There seems to be (perhaps these?) a probe headed to Mars that has incorporated Magnetic Memory (MRAM) as an integral part of the mission.

Is this a PR gimmick, or is MRAM actually the best technology for this mission to Mars? Are there situations where it would be the best choice for cubesats in LEO also?

From here:

ExoMars is a joint-endeavor between the European Space Agency (ESA) and the Russian Federal Space Agency (Roscosmos). ExoMars 2016 is the first mission, that will consist of a Trace Gas Orbiter (TGO) and an entry, descent and landing demonstrator module (EDM) known as Schiaparelli. The main objectives of this mission are to search for evidence of methane and other trace atmospheric gases that could be signatures of active biological or geological processes on Mars.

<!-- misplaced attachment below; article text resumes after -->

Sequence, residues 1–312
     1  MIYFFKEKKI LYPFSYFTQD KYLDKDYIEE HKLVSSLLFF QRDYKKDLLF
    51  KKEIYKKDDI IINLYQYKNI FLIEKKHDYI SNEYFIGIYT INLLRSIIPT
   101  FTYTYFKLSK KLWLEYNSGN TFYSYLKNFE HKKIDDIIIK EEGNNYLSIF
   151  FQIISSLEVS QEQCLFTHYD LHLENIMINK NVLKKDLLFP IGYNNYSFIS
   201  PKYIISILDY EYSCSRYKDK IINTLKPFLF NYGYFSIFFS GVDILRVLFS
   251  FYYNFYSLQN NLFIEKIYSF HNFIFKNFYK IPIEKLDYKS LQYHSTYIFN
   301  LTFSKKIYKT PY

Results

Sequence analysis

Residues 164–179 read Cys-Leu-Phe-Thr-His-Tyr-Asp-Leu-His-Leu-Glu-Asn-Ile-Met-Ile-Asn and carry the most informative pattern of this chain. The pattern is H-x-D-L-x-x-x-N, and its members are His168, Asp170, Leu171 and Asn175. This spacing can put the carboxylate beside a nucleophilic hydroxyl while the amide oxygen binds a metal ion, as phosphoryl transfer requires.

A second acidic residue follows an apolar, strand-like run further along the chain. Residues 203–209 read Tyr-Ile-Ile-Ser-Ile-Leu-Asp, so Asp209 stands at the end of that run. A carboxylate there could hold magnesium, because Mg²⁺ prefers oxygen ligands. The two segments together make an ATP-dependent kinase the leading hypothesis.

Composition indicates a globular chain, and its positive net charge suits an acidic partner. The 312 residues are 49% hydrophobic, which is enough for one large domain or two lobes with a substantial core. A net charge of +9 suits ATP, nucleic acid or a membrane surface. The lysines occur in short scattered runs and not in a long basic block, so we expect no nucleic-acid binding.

Cobham's MRAM are used by the Nadir and Occultation for MArs Discovery (NOMAD) instrument on the TGO. NOMAD is a spectrometer suite that will measure the spectrum of sunlight across a wide range of wavelengths, enabling the detection of components of the Martian atmosphere. Cobham says that its MRAM chips were chosen due to the low access time, data retention and footprint, as well as radiation performance. Five MRAMs have been integrated on an interface board on the instrument.


1 Answer 1


ExoMars is not the first use of MRAM. In 2007, SpriteSat was launched with MRAM in its magnetometer subsystem.

In 2012, JPL tested an MRAM unit for radiation resistance.

No latchup observed during any testing.

JPL also launched CubeSat On-board Processing Validation Experiment, “COVE” with an MRAM on board in 2013.

So no, MRAM's suitability is not a PR gimmick.


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